Aim: Patients with chronic kidney disease (CKD) have an increased risk of cancer compared with the general population. Despite this, there is considerable variability in cancer screening practices among nephrologists that may reflect uncertainties about the benefits and harms of screening, the additional costs, and competing priorities among the complex issues that patients are confronted with. We aimed to describe nephrologists' perspectives and approaches to cancer screening in CKD. Methods: Semi-structured interviews were conducted with 29 nephrologists from 15 units across Australia and New Zealand. Interviews were transcribed and thematically analyzed. Results: Five themes were identified: empowering patients to make informed decisions (respecting patient preferences, communicating evidence-based recommendations, creating awareness of consequences, preparing for transplantation); justifiable risk taking (avoiding undue consequences in vulnerable populations, balancing the costs and benefits, warranted by long term immunosuppression, assurance of reasonable survival gains); ambiguity of evidence in supporting decisions (absence of standardized recommendations, limited transferability of population-based data); depending on a shared multidisciplinary approach (collaboration with primary health care, access to coordinated skin cancer clinics); and prioritizing current or imminent complications. Conclusion: Nephrologists approach decisions about cancer screening in patients with CKD based on patient preferences, assessment of risk, justifiable survival gains, and current health priorities. Evidence-based guidelines, communication frameworks and specialist clinics may support informed and shared decision making about cancer screening in CKD.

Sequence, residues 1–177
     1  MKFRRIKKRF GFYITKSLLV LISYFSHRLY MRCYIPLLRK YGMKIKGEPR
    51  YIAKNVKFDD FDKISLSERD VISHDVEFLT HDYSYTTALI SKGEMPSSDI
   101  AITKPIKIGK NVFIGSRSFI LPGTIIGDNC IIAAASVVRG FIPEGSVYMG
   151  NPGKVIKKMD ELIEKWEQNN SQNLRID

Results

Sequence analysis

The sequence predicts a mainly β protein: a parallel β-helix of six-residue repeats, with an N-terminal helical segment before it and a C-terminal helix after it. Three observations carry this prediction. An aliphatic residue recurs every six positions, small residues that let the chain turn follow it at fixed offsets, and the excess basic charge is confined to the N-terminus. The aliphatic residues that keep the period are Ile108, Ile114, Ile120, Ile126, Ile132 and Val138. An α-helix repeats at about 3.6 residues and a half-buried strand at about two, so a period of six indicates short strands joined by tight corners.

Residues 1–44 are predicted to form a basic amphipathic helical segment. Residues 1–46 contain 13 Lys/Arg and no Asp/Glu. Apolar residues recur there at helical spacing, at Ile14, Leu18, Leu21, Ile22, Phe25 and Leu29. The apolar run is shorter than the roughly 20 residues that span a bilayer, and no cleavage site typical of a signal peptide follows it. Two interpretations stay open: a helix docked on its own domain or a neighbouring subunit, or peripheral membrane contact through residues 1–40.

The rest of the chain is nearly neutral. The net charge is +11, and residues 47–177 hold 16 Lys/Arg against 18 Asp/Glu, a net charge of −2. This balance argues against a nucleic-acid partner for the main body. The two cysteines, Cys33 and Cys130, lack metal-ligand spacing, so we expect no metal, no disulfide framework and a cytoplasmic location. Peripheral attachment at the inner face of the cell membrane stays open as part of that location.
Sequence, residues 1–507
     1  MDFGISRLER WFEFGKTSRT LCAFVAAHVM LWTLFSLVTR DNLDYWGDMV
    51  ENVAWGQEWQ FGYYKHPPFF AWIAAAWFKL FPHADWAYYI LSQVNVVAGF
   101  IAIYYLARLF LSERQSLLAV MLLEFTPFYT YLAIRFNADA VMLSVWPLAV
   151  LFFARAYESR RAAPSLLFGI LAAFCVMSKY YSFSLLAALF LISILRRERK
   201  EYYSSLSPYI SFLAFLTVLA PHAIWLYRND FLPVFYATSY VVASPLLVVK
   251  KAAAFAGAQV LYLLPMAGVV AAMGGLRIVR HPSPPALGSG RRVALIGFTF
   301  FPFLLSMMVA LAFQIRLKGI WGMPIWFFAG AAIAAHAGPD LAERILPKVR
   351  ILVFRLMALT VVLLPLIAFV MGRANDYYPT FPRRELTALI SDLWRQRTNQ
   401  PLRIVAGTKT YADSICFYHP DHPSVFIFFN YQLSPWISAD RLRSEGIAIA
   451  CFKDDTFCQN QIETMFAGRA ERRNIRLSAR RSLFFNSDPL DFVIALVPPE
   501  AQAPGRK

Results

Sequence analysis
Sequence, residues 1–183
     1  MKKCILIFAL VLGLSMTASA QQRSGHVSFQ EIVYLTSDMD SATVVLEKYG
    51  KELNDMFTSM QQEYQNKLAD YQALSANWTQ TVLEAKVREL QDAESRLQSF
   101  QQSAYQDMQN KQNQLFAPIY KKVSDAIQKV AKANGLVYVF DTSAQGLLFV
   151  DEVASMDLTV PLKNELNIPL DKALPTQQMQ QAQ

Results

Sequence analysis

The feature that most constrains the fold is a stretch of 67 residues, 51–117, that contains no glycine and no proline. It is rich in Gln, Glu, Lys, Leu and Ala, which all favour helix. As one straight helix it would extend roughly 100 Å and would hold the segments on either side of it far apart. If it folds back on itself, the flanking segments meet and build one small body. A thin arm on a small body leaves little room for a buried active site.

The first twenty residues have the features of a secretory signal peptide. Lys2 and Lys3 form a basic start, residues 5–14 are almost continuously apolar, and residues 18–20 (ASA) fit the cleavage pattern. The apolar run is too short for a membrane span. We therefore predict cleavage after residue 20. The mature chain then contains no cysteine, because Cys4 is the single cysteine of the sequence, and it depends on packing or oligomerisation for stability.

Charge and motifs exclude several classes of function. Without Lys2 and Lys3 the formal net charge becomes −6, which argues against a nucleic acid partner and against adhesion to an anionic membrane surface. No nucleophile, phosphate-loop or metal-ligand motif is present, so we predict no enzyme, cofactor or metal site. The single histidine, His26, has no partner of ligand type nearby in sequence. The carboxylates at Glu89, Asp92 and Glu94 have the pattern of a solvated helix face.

- cancer screening
- qualitative research